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5 Remote Hiring Tips for Leaders Today's flex work environment has put recruiting on its head. Here are a few tips on how to adapt.

By Nate Nead

entrepreneur daily

Opinions expressed by Entrepreneur contributors are their own.

Rewind three years, and the business world looked a lot different than it did today. Remote working was definitely a major trend, but it wasn't the standard. Fast-forward back to 2022, and remote working has become an expectation in many industries — particularly among employees. Fueled out of necessity by the pandemic-related lockdowns, remote working isn't going anywhere. And the sooner employers embrace it, the more likely they are to win the talent war.

If you're new to the idea of hiring remote employees, now's your chance to get ahead or fall behind. Five years from now, it's possible that some industries will be entirely remote. And if you continue to approach remote hiring in the same way that you do hiring an office-based employee, you're making a grave mistake.

Related: Hiring Remote Workers? Here's What to Consider First.

While it's true that people are people no matter whether you're hiring them to work in the office next to yours or 2,000 miles away in a remote position, you must be mindful of your approach to hiring. Here are several tips and frameworks to consider:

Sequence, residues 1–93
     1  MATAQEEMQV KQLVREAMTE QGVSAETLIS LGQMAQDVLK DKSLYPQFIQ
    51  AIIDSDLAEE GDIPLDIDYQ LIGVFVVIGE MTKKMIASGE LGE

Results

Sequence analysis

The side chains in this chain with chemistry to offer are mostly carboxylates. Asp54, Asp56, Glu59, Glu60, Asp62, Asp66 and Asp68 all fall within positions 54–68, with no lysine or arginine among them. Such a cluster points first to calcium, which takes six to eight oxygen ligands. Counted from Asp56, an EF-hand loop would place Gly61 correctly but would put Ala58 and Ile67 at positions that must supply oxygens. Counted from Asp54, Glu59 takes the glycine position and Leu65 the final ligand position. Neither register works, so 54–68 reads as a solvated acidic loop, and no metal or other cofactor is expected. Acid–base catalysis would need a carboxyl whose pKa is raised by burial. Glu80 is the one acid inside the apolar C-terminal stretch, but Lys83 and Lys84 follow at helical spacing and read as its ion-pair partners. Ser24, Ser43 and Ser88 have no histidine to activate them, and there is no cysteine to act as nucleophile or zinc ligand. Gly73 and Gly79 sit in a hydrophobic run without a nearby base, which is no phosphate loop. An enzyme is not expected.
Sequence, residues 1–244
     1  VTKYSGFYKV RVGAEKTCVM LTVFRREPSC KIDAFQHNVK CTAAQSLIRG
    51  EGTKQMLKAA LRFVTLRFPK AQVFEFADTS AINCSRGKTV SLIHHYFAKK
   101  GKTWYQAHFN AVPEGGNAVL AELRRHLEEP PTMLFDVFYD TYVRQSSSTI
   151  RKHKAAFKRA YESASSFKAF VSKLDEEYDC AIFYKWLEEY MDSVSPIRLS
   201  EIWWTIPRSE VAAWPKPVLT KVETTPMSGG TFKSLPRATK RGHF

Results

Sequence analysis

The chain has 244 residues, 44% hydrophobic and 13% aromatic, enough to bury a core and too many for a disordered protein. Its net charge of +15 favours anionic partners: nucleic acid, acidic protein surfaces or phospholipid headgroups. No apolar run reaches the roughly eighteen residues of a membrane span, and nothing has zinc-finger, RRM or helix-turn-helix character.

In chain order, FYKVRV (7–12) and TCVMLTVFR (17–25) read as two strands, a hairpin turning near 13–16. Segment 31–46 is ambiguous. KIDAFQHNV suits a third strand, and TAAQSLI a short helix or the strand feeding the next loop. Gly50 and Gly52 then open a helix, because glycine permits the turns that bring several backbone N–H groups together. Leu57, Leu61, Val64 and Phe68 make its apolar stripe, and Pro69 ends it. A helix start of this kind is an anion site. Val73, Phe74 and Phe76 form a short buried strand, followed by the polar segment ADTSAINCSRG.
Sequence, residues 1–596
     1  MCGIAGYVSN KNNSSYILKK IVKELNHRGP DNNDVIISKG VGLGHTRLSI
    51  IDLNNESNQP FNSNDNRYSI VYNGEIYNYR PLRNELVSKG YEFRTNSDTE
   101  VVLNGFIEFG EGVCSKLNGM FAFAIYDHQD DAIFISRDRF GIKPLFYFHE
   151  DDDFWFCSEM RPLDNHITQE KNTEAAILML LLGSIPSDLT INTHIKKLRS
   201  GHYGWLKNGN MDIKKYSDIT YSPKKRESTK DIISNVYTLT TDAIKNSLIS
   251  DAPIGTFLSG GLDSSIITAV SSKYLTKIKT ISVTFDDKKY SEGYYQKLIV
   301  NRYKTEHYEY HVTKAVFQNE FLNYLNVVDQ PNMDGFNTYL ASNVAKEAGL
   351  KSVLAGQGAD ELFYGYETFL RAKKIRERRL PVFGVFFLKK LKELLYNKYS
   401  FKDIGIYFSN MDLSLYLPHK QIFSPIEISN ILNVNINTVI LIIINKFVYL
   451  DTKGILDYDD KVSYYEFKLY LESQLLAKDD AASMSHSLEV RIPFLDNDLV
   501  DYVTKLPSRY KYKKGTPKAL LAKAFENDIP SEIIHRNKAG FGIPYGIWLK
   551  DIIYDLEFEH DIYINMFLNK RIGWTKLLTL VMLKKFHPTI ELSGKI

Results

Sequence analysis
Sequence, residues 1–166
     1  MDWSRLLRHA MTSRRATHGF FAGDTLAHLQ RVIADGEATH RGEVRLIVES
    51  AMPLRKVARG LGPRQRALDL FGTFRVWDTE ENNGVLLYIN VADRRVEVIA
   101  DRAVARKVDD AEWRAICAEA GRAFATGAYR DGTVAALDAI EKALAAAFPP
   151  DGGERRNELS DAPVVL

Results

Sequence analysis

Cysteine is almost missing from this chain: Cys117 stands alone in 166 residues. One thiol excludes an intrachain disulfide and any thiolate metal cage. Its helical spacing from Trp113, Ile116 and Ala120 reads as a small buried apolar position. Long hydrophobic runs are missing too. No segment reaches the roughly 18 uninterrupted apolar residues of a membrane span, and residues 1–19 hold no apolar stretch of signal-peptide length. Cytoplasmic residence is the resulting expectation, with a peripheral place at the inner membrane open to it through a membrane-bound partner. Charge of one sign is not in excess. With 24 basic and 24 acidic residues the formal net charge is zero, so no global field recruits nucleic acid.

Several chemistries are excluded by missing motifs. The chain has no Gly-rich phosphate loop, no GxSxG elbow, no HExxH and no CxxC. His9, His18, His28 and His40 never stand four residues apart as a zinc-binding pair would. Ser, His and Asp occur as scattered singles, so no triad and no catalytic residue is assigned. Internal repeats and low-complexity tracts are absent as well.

1. Redefine your process over time

You can't settle for using your same existing hiring process. It's not as simple as transposing your standard approach to the remote world and assuming it'll stick.

"My biggest piece of advice would be to create a whole new remote hiring process rather than attempt to shoehorn traditional hiring practices into a new shape," says business owner Stephen Light, who has hired dozens of people for remote positions. "Shifts like these are stressful, and it can be tempting to keep using what's always worked for in-person interviews, but remote recruiting is a whole new beast that requires a novel approach."

Even after reinventing your hiring process, you'll have to continually adapt and evolve. This is something that happens gradually over time. Constant and never-ending improvement is the name of the game.

2. Know what you're looking for

As is the case with any job search, you have to begin with a very specific and detailed profile of the type of person you need for the job. While many of the qualities will remain the same, you'll also have to account for some qualities that are specific to remote positions.

For example, we always say that we're looking for people who are "independent self-starters," but this is especially important in a remote situation. You don't have the luxury of keeping an eye on them or popping into the office to make sure things are on track during the day. Remote employees must be motivated.